My solution?  I accept what I cannot change.  I do not seek the answers.  After all, these shoulders are big enough for two owls:  why put one in a position where it has to peck the eyes out of the other – and which owl would win?

Which of our prodigal children will stay long enough to convince us they are happy to be here? Who will listen rapturously as we regale them with  details of our IBS symptoms, or try to persuade them to join our line-dancing class?  Who might even stay to lunch?

Ah well, tick the diary for another year.  Then cast forward to their next return to the fold – about a week after my birthday, perhaps.

ImageIn all her life Janice had never been known to speak in less than a shrill falsetto, and at 48 years old it was unlikely that she could ever be silenced.  There were neighbours who fervently wished she might, a husband whose wishes were seldom heard, two sons who bought their own houses a mile away so as to be out of earshot:  but she would not – some said could not -change.

 “Mind you, the whole family were loud.”  (This was Mrs. Proudfoot, a long-time friend).  “The old man were a blaster down the mine and he were deaf as a post, so ever’one shouted at ‘im  an’ ‘e shouted back.  ‘Twas ‘im put the ‘Dog and Gun’ pub out of business.  He were its only customer.”

Some believed Janice shouted because, like a small dog left alone in a big house, she was frightened.  This would have gained greater credence if she were quieter in the evenings when her husband came home, or on the days when she cared for her grandchildren, but no.  Teachers expressed concern that Janice’s grandchildren showed signs of premature deafness.  Neighbours overheard each and every remark from Janice’s side of conversations, like:   “You can’t have rice pudding”, “They’re in the top drawer”, or, more mysteriously:  “It’s stuck!”  These same neighbours were prone to changing TV channels involuntarily at Janice’s instruction, and to bury their heads beneath several pillows at Friday bedtime.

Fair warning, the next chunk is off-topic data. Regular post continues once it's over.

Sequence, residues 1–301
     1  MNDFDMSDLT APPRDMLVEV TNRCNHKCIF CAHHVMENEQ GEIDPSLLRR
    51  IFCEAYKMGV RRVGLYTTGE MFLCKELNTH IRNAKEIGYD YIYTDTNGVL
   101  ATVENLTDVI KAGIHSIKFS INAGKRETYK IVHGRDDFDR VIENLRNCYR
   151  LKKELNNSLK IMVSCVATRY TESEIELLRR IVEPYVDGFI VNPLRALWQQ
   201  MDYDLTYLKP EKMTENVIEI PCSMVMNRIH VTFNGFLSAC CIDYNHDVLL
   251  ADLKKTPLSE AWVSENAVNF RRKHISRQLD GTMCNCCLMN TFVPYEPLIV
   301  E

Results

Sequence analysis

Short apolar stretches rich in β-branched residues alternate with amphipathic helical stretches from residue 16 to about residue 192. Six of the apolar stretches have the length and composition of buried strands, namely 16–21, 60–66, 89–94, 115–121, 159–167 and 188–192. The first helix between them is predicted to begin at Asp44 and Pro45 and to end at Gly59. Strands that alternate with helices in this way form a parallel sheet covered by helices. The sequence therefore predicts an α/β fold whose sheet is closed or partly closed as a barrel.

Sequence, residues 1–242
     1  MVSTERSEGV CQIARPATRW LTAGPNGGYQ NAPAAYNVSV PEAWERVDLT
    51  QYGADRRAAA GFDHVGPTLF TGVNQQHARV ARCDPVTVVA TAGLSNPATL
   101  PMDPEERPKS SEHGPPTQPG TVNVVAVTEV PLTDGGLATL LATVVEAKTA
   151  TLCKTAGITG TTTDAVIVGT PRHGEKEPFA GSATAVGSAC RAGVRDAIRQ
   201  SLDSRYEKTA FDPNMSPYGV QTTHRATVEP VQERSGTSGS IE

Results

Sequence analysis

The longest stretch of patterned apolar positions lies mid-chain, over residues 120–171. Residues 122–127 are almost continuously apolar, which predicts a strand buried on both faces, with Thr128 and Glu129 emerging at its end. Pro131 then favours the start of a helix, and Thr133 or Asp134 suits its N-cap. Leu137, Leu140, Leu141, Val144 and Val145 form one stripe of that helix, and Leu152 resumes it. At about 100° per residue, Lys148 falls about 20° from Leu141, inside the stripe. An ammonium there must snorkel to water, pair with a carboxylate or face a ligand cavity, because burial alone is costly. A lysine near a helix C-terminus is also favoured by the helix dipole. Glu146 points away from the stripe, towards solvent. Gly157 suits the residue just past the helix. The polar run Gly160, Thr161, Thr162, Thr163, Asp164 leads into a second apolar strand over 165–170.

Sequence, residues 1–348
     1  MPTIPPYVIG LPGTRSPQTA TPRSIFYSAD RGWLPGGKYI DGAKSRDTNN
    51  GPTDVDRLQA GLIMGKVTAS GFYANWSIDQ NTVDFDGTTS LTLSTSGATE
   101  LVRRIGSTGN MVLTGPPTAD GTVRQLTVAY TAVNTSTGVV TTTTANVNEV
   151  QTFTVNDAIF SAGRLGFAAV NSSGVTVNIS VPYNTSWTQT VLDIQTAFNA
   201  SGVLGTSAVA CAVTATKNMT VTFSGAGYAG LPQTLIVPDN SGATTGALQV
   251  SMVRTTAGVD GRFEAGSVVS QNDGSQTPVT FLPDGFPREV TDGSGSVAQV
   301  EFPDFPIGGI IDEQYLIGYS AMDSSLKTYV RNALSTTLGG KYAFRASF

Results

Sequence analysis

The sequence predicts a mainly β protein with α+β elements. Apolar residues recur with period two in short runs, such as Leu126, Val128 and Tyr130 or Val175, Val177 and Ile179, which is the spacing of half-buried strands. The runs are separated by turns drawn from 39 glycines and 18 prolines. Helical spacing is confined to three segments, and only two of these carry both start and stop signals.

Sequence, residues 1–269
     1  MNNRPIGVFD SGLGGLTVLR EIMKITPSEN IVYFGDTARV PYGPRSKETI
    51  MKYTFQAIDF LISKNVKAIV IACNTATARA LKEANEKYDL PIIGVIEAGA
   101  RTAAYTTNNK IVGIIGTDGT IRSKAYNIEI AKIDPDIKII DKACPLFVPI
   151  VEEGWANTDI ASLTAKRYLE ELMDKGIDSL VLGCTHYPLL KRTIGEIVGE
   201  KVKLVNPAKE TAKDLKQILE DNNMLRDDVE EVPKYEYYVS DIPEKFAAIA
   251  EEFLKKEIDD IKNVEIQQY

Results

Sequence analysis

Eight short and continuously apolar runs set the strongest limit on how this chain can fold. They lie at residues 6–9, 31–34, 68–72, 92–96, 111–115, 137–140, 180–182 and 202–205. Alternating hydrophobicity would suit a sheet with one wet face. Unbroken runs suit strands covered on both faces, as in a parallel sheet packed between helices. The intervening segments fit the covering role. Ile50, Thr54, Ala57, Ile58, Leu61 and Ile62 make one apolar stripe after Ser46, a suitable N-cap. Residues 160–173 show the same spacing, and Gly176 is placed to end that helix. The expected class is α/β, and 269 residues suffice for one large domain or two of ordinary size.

“Half-past eleven, without fail.  It’s like the ‘Ride of ‘t Valkyries’.  You never heard the like!”

Freda Warbleton, next door at no. 58, was less charitable:   “She shouts to get her way.  Every time she shouts at me I do what she wants.  She never asks:  she just shouts.  From the moment she moved in, I got no peace – none at all.  ‘Are you going down the town,  Freda?  Get me some sugar, will you?’; ‘can you pick up the children Freda?’   Freda this, Freda that, Freda the other.  Life’s not worth living.”

“Why don’t you move?”  I felt I had to ask.

“She KNOWS!”  Said Freda.  “We tried lots of times, Albert and me.  We showed people round and there she’d be, leaning over the fence.  She’d scream out helpful remarks, like:  ‘Dustmen come on Thursday’, or ‘School’s a mile away:  there’s no bus.’  No-one came up with an offer for the house – no-one.”

Janice’s sons generously clubbed together to pay for her house to be double glazed – to keep the sound in, rather than the weather out, said the neighbors – a failed attempt if that were its purpose because winter or summer, Janice’s windows were always open. 

Transportation was to prove her final undoing.  After receiving bans from the ‘bus companies (she alarmed the drivers, resulting in a number of minor accidents) she fell back upon taxi’s for her social and shopping needs.   

The taxi-driver was Romanian.  He had few words of English and a fairly loose appreciation of that strange British habit of driving on the left.   Given these pre-conditions it is easy to imagine how, with Janice’s stentorian bellow an inch from his left ear uttering some jewel such as:  “Yer going straight on, Yer should be turnin’ LEFT!” the poor man managed to somehow do neither.   And how he ended up where he did.

Which was Doncaster. 

On the northbound carriageway.

In the southbound lane.

Where the police managed to head off her taxi and guide it into a slip road.  Doncaster police station was as good a place as any to incarcerate the taxi’s driver, who had no idea that he had committed any offence.    Primed by the freehand traffic rules of Bucharest he was stimulated rather than alarmed by the aggressive behaviour of approaching drivers on the Motorway, and found the experience of driving up the wrong carriageway for 22 miles a bit of a blast.

Janice?  The pale, quaking wreck ambulance men extricated from the foot well of the taxi’s rear compartment took twenty-four hours to stop shaking.    She gave written evidence to the trial which followed, but it made little sense because the woman who had stared death in the face several hundred times within the space of thirty minutes was no longer capable of speech, or even logical thought.  

And Janice, sadly, has never been heard from again.